Symptoms, Causes & Theories of Conjoined Twins

Conjoined Twins


What are Conjoined Twins?

When the bodies of twins connect, they’re known as conjoined twins. Conjoined twins begin as one fertilized egg. Usually, one egg develops into one baby. Typically one egg divides in half 1 to 2 weeks when it’s fertilized. This creates a group of identical twins.

The exact cause of conjoined twinning isn’t known. There are two theories:

  • The egg divides late and doesn’t divide fully.
  • The egg divides fully but then joins back together.

The connection between the twins’ bodies may be fairly easy. They will share only a small quantity of tissue, and both children could have all the organs and other structures they need. For instance, the twins is also joined at the belly with a “bridge” connecting their livers.

Usually, the connection is more advanced, and typically it’s very complex. The kids may share:

  • Vital organs, like one heart
  • Many structures, like many parts of the digestive, genital and urinary systems
  • A large segment of the body, like all of the lower body
  • Part of the brain and bone

The twins’ symptoms could rely in large part on which structures they share.

Symptoms of Conjoined Twins

There aren’t any specific signs or symptoms that indicate a conjoined twin pregnancy. Like other twin pregnancies, the uterus could grow quicker than with a single fetus, and there is also more fatigue, nausea and vomiting early in the pregnancy. Conjoined twins may be diagnosed early in the pregnancy using normal ultrasound.

How twins are joined

Conjoined twins are generally classified according to where they are joined, typically at matching sites, and sometimes at more than one site. They often share organs or other parts of their bodies. The precise anatomy of each pair of conjoined twins is unique.

Conjoined twins is also joined at any of these sites:

  • Chest. Thoracopagus (thor-uh-KOP-uh-gus) twins are joined face to face at the chest. They typically have a shared heart and should also share one liver and upper intestine. This is often one of the most common sites of conjoined twins.
  • Abdomen. Omphalopagus (om-fuh-LOP-uh-gus) twins are joined close to the bellybutton. Several omphalopagus twins share the liver, and some share the lower a part of the small intestine (ileum) and colon. They generally don’t share a heart.
  • Base of spine. Pygopagus (pie-GOP-uh-gus) twins are commonly joined back to back at the base of the spine and the buttocks. Some pygopagus twins share the lower gastrointestinal tract, and a few share the genital and urinary organs.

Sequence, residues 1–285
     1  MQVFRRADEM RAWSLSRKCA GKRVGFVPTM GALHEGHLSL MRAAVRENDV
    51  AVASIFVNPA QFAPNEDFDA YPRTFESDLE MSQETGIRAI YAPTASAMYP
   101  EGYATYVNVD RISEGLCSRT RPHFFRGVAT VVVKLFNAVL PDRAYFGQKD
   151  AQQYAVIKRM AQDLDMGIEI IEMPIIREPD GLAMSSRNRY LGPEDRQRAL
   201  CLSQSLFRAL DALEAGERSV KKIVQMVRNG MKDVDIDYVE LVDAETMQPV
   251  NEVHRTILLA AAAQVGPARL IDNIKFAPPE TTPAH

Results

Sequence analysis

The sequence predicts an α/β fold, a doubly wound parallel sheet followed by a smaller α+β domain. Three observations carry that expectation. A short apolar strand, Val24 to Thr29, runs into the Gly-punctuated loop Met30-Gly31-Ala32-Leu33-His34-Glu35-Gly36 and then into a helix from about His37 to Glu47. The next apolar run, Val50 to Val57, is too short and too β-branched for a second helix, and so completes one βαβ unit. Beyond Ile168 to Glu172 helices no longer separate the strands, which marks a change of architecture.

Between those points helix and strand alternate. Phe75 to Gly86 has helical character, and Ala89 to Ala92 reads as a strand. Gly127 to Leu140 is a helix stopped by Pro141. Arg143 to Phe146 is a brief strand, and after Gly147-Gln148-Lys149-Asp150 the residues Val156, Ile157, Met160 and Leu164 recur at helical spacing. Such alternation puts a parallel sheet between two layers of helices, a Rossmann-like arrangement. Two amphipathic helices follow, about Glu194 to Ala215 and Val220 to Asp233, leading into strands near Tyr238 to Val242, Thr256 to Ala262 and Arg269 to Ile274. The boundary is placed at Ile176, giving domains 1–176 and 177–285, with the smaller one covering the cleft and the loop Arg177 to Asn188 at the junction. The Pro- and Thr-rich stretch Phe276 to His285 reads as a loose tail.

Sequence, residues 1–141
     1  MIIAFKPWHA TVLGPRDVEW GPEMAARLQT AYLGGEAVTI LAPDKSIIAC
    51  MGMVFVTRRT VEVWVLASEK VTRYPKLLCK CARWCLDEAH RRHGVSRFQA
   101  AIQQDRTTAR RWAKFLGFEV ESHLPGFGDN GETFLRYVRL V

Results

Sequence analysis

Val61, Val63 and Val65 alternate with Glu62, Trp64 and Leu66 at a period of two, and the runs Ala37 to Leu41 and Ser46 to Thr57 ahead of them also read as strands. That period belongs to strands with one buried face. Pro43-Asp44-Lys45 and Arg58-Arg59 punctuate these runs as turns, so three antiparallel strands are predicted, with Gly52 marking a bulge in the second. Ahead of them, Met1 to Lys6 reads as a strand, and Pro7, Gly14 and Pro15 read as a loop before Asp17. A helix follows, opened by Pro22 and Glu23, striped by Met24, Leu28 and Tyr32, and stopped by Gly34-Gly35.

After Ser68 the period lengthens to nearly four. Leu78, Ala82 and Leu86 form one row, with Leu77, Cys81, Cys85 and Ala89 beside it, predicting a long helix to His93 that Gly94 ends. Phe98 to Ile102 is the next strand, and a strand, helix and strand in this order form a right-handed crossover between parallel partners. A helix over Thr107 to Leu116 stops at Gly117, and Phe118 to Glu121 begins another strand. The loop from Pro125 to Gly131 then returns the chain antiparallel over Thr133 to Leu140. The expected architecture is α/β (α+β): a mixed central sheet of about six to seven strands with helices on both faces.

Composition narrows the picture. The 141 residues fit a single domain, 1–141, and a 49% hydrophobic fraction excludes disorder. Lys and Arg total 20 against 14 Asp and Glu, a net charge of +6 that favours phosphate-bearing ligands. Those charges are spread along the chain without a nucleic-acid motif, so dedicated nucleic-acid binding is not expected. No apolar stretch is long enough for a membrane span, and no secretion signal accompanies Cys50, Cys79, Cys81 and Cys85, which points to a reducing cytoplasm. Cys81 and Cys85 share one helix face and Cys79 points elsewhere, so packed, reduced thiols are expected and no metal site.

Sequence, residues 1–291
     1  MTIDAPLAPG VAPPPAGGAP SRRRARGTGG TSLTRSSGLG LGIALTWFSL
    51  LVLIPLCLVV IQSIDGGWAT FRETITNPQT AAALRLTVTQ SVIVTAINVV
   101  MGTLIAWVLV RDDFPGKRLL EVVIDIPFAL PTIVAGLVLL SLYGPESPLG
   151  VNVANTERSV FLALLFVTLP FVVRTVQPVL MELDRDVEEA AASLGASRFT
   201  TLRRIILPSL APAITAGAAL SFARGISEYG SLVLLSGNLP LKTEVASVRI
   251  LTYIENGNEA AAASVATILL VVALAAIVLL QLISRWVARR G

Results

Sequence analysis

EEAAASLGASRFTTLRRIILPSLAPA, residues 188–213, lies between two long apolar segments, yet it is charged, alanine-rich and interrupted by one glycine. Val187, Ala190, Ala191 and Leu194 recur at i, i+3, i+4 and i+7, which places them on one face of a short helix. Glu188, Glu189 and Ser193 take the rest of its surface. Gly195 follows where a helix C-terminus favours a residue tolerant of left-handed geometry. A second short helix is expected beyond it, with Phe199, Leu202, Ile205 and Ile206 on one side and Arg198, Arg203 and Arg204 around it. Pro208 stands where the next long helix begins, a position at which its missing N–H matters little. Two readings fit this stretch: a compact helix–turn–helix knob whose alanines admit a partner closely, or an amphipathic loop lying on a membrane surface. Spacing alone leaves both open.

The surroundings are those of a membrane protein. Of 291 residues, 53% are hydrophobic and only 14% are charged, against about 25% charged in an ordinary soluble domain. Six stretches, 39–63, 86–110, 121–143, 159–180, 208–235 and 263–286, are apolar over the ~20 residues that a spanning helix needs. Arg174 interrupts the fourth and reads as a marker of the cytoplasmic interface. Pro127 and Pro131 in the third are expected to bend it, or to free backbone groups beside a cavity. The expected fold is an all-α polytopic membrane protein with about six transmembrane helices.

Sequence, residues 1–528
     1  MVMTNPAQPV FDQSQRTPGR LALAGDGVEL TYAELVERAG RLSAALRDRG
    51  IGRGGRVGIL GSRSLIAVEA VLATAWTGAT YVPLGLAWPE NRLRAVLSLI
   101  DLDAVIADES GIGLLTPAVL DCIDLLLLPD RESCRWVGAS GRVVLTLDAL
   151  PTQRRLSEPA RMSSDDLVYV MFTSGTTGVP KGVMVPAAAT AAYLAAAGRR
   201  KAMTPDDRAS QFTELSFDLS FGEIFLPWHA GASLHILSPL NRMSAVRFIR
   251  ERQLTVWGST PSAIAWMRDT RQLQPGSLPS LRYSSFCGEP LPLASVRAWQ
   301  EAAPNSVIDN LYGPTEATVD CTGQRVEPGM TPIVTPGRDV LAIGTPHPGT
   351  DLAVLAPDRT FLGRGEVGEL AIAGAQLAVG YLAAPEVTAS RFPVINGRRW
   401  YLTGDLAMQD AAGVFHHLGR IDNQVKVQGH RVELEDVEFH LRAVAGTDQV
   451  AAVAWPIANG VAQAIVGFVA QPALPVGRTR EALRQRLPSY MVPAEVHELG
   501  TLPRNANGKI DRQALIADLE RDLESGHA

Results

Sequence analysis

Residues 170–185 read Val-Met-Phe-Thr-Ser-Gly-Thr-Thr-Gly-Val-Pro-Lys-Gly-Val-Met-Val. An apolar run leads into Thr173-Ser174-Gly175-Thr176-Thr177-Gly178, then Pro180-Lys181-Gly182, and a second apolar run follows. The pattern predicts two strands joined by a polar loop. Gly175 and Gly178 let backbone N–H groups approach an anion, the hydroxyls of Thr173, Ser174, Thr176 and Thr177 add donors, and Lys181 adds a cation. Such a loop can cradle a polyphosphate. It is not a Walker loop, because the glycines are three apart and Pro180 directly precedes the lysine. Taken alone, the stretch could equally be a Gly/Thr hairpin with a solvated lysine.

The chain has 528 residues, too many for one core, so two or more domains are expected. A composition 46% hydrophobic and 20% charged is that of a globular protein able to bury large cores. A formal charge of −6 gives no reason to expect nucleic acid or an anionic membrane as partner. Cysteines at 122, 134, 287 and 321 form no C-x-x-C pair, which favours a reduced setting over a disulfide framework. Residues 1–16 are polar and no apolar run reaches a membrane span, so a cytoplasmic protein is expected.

• Length of spine. Rachipagus (ray-KIP-uh-gus), also known as rachiopagus (ray-kee-OP-uh-gus), twins are joined back to back along the length of the spine. This type is very rare.
  • Pelvis. Ischiopagus (is-kee-OP-uh-gus) twins are joined at the pelvis, either face to face or end to finish. Several ischiopagus twins share the lower gastrointestinal tract, as well as the liver and genital and urinary tract organs. Every twin could have 2 legs or, less usually, the twins share 2 or 3 legs.
  • Trunk. Parapagus (pa-RAP-uh-gus) twins are joined side to side at the pelvis and part or all of the abdomen and chest, however with separate heads. The twins will have 2, 3 or four arms and 2 or 3 legs.
  • Head. Craniopagus (kray-nee-OP-uh-gus) twins are joined at the back, top or side of the head, however not the face. Craniopagus twins share a portion of the bone. However their brains are typically separate, though they will share some brain tissue.
  • Head and chest. Cephalopagus (sef-uh-LOP-uh-gus) twins are joined at the face and upper body. The faces are on opposite sides of a single shared head, and they share a brain. These twins seldom survive.

In rare cases, twins may be asymmetrically conjoined, with one twin smaller and less fully formed than the other.

Causes of Conjoined Twins

Identical twins (monozygotic twins) occur once a single fertilized egg splits and develops into 2 fetuses. The split normally happens during the first 12 days when conception. It’s believed that once the fertilized egg splits later than this typically between 13 and 14 days when conception separation stops before the process is complete, and the resulting twins are conjoined. The degree to which the egg splits and when the split happens determines how and where the twins will be joined.

But, another theory suggests that 2 separate embryos might somehow fuse together in early development.

What would possibly cause either scenario to occur is unknown.

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